A new management team, brought in after France and Belgium bailed out Dexia in 2008, worked to reduce the lender’s reliance on short-term capital. By late June, the funding gap was down to $140 billion. Though that was huge progress, it proved insufficient when the short-term capital markets shut down again this summer.

Now the plan is to put roughly $130 billion in troubled assets (clearly more than the $30 billion in troubled sovereign debt) into a bad bank. The bank would be backed by guarantees from the French and Belgian governments. In addition, the governments would guarantee that customers of the Belgian retail bank won’t lose any money.

Additional funding would come from money raised from the sale of Dexia’s healthy divisions, such as the asset-management business and the Turkish retail lender, DenizBank.

The municipal-lending business will either be allowed to run down or merged with the French sovereign wealth fund or the retail-banking arm of the French post office. (Not so coincidentally, some of Dexia’s biggest municipal customers are French.)

NEXT: What’s Next for the Rest of Europe’s Banks?


What’s Next for the Rest of Europe’s Banks?
For other European banks, preparing for a Greek default means figuring out which of these two alternatives—Deutsche Bank or Dexia—is the better alternative.

You see, the Dexia collapse presents just one tiny challenge: Dexia got a clean bill of health in the second stress test run by the European Banking Authority on European banks back in June. Not only did Dexia pass, it got one of the highest scores handed out.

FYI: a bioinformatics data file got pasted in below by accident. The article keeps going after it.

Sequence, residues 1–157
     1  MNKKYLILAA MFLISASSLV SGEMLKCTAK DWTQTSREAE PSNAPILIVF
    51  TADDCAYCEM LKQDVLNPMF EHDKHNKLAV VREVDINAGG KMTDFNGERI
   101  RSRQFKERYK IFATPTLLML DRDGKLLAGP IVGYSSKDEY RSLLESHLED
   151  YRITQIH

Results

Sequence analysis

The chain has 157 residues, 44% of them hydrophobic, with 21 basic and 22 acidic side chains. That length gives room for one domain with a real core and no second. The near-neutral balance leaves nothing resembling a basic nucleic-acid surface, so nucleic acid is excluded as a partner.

Out of the 91 financial institutions tested, Dexia came in 12th, with a core Tier 1 capital ratio of 10.4%. That was more than double the 5% level required to pass.

If Dexia needs a bailout in September after passing the stress test in July, there’s a good chance that the test either got its math wrong or tested for the wrong things.

In either case, Dexia’s collapse so soon after passing the test means that the global financial markets don’t have a clue as to which banks are sound, beyond a handful of high-profile banks with big retail deposit bases. Such as—oddly enough considering the troubles in Spain—Banco Santander (STD) and Banco Bilbao Vizcaya Argentaria (BBVA).

The safest thing to do is say, “the hell with all of them,” and refuse to do business with any European bank.

No wonder the big topic at the recently concluded meeting of Eurozone finance ministers was boosting bank capital. Exactly how seems, if you’ll pardon the expression, vague.

There’s no credible talk of another round of stress tests, and the fallback position seems to be "let national bank regulators do it."